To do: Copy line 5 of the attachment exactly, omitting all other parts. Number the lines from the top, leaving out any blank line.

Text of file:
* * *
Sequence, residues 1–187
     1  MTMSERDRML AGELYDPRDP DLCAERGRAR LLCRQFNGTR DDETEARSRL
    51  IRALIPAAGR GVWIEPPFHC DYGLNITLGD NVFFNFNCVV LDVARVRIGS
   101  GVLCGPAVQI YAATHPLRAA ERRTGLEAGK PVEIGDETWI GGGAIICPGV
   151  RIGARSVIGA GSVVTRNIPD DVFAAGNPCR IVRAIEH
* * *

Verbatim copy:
   151  RIGARSVIGA GSVVTRNIPD DVFAAGNPCR IVRAIEH